I was very amused when I came across this account in the Papers of the Continental Congress. Evidently, one evening as the congress was voting on whether to adjourn, Mr. Burke from the State of North Carolina indicated that they could vote as they liked but that he was done for the day. After he exited, the body of congress tried to call him (and another representative) back to session but he replied "... it was too late and too unreasonable". Over the following several pages the Congress spends quite a bit of their time fighting over this matter and Mr. Burke tells the other members "That he will not submit to a tyranny of a majority of this Congress, which would keep him here at unreasonable hours. The he wished to know the power of Congress over their members."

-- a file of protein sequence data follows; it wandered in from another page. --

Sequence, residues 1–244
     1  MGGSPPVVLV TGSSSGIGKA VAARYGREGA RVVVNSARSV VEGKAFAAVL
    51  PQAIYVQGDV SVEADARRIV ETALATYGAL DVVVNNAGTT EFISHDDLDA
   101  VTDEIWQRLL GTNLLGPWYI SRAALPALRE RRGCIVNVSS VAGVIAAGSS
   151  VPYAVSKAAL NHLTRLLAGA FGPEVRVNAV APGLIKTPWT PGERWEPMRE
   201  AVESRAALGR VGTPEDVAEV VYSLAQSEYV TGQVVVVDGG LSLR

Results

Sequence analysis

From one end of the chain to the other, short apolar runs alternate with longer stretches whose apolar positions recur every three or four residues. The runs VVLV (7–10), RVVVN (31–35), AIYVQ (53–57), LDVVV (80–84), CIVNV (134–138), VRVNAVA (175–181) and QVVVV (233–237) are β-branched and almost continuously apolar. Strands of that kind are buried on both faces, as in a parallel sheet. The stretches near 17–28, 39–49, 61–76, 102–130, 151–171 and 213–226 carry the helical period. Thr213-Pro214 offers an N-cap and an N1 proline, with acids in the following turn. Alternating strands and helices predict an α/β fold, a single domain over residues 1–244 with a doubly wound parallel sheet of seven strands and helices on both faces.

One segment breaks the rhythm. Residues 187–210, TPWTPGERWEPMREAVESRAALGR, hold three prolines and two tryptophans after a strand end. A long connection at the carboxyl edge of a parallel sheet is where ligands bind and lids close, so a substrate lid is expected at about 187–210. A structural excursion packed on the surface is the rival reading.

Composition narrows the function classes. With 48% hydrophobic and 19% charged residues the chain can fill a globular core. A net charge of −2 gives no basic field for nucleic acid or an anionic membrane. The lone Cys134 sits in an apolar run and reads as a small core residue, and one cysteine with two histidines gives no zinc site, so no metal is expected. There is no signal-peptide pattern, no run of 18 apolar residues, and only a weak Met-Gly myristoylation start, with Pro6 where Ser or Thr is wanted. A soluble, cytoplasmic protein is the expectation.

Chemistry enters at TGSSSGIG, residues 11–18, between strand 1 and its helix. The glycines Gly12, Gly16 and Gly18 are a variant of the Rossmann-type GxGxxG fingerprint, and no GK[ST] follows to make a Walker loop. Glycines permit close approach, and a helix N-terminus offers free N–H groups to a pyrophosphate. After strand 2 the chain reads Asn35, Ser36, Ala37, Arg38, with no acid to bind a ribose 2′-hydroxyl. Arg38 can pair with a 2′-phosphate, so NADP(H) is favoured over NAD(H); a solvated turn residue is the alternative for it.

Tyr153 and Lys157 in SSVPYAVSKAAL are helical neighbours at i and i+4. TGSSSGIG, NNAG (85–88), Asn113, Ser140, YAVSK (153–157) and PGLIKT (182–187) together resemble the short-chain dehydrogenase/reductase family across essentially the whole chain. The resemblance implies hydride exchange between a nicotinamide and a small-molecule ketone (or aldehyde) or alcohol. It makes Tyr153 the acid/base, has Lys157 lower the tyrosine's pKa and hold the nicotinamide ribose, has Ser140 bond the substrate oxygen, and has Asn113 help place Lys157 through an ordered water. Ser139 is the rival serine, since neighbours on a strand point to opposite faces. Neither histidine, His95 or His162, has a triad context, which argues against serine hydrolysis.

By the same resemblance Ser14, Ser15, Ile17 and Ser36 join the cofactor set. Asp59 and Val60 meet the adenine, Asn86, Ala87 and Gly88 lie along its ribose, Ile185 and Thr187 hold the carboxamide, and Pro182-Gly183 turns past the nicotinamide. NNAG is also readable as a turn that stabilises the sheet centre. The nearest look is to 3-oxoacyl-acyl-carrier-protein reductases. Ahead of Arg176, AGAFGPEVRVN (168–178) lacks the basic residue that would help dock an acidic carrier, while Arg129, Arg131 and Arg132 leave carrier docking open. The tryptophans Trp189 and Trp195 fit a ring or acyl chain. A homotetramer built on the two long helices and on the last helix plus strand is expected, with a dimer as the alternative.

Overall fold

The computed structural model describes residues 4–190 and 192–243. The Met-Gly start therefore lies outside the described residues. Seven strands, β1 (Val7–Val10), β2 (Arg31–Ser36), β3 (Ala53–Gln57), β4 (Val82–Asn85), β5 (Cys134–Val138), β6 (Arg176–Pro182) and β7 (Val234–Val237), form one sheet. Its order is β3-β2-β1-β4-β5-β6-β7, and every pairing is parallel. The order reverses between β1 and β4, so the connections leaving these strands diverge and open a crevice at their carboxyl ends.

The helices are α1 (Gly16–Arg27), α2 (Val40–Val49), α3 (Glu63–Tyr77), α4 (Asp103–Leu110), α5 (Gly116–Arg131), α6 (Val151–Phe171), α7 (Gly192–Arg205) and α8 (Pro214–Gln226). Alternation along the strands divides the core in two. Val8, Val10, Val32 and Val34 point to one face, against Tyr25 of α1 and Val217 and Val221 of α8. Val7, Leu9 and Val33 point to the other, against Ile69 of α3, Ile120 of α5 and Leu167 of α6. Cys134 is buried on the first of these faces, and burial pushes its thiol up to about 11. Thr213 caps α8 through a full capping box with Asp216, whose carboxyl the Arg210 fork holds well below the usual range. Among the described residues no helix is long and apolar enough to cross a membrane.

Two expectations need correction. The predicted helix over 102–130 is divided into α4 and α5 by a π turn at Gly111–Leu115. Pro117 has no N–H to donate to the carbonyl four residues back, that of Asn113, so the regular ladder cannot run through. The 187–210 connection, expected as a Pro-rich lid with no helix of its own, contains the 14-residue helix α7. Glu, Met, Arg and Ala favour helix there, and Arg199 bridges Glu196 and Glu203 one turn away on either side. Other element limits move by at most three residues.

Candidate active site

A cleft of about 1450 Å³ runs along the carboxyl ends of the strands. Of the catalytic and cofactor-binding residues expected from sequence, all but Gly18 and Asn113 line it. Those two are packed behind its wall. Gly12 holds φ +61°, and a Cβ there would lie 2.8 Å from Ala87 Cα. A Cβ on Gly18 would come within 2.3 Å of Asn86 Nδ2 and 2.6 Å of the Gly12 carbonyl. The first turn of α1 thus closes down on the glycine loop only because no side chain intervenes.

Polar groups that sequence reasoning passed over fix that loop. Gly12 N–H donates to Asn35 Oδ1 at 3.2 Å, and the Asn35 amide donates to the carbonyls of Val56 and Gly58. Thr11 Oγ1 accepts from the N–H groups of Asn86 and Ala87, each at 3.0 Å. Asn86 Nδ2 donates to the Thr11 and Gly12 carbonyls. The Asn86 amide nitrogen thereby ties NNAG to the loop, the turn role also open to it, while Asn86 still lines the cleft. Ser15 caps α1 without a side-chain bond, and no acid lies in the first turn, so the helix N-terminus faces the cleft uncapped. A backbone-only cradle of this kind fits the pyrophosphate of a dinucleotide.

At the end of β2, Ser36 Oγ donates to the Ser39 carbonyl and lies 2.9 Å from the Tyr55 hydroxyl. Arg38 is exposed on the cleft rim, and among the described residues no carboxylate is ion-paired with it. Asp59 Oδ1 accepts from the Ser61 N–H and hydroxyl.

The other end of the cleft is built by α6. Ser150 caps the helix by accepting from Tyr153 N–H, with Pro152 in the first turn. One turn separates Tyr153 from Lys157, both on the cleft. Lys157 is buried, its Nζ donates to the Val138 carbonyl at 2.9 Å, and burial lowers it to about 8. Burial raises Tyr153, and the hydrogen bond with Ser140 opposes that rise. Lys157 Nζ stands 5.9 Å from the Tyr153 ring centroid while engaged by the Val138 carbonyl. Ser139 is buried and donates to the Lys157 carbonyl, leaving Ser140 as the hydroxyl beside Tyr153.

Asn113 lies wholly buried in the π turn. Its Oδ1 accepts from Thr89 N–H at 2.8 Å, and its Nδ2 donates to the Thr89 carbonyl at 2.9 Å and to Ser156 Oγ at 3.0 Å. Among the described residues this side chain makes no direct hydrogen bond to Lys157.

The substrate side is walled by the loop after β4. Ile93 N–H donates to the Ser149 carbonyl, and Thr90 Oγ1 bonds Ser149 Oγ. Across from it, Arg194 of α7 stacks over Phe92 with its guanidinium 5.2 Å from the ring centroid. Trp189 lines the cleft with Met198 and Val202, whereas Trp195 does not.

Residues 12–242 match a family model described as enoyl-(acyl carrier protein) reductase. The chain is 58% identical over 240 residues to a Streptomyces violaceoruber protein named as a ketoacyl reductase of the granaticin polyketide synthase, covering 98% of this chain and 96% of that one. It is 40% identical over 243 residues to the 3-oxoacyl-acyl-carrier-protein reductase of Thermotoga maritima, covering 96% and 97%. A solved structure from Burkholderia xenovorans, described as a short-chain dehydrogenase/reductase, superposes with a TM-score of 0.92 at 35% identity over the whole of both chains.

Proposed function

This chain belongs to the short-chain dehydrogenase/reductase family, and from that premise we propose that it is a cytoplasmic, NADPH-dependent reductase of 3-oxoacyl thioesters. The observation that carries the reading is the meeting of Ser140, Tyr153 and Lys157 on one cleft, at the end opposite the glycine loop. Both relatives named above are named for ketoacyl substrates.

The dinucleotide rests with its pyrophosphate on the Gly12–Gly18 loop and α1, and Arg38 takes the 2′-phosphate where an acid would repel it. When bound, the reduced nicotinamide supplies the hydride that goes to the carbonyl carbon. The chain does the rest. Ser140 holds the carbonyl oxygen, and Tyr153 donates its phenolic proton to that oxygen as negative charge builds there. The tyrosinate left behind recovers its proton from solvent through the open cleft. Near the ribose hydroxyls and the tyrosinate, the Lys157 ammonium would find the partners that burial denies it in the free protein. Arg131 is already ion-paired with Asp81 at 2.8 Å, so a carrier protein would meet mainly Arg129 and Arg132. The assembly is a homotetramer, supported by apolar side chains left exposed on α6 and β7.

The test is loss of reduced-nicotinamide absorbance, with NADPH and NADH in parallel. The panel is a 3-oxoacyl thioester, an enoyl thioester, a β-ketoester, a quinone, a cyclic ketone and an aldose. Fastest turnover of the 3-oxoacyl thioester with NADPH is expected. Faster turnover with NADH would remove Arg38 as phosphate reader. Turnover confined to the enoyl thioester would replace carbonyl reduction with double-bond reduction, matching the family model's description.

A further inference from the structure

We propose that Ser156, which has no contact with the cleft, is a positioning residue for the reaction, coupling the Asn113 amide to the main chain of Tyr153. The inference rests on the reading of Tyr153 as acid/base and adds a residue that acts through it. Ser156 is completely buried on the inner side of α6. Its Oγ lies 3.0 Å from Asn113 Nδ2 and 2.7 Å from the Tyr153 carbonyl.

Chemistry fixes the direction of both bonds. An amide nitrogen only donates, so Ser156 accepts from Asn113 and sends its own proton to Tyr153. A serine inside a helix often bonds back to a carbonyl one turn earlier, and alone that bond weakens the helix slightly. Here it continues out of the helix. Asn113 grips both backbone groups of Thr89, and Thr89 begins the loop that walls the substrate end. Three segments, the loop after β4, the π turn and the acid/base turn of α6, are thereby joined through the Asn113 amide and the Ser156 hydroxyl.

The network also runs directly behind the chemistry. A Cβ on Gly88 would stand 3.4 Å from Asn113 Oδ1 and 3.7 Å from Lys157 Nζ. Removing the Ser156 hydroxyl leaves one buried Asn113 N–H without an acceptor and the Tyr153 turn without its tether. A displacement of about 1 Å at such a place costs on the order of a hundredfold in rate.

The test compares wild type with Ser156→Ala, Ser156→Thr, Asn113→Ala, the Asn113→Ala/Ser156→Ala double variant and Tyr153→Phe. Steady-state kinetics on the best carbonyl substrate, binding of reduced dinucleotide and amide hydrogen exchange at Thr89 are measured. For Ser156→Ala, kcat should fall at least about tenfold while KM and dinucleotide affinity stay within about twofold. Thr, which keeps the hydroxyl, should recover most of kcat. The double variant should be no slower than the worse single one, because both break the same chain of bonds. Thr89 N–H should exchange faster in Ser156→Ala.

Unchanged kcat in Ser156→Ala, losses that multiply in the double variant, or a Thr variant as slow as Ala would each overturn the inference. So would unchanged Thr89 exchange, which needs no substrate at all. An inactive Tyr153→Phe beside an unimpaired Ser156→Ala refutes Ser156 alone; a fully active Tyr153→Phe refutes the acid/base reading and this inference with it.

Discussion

The ill feelings continued for some time and Mr. Burke was recorded to say, "I do believe that that gentleman from New York and others are in a combination against me in this business." Eventually the matter was sent to a committee of 3 members who found that Mr. Burke's action was "dangerous, because it struck at the very existence of the house, and ... would enable a single member to put an instant stop to the most important proceedings of Congress." Evidently, Mr. Burke was censured and a copy of the minutes of the proceedings were sent to the assembly of North Carolina.